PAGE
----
Wild Turkeys in Spring

Northern dominant tom turkeys are currently gathering harems of hens & southern dominant toms are already breeding. In either case dominant toms are keeping close to their hens, feathers puffed, tails fanned, making themselves appear twice as large as they normally are — occasionally taking challenging quick steps, wing tips dragging, toward intruding jakes or other adult toms. Toms with the most white on their heads seem to be most attractive to the hens. Dominant toms often pair up to keep other toms from stealing hens, one fighting to drive off any intruder while the other keeps hens from joining another tom. Wherever they go, a dominant hen does the leading and the dominant toms closely follow, never wandering off until breeding comes to an end.

Right now the big toms are quick to notice any hen lying on the ground, a possible invitation to breed. To encourage hens to accept breeding, dominant toms often dance, repeatedly hopping from one foot to the other. Dancing on a receptive hen’s back while it is lying on the ground is a prelude to actual breeding, hens seemingly demanding a good backrub before turning their tails to one side to accept semen from the tom.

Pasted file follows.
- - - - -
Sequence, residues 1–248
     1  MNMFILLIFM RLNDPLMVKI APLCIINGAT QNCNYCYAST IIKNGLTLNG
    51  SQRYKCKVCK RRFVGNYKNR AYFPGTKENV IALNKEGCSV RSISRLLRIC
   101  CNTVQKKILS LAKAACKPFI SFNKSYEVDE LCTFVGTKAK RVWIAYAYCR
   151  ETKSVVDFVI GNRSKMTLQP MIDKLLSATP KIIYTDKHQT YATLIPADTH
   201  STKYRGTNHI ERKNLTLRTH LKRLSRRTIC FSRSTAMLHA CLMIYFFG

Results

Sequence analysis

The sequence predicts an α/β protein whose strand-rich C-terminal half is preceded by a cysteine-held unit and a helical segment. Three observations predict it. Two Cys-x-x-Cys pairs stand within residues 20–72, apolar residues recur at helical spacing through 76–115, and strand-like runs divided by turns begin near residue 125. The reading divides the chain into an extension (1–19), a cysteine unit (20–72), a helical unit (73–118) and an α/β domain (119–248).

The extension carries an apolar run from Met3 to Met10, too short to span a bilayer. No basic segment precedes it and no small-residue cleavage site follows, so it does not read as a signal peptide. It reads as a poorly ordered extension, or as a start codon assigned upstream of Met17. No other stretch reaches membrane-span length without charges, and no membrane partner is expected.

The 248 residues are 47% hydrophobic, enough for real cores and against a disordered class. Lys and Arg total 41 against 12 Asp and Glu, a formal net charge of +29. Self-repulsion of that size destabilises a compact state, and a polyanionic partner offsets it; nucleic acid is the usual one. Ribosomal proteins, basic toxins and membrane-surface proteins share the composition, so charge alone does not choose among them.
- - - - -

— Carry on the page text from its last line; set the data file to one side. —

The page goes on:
Hens of the harem, up to thirty of them, constantly keep a sharp watch for danger, thus protecting toms with other things on their minds. Upon spotting something dangerous nearby, one sharp warning cluck from a hen will instantly trigger a storm of strong wing beats as all turkeys fly toward high perches in nearby trees.

For all the above reasons, white-headed dominant toms seldom fall victim to hunters. Most taken are lesser adult toms anxiously seeking wayward hens, therefore especially susceptible to skilled calling and the sight of one or more realistic hen decoys.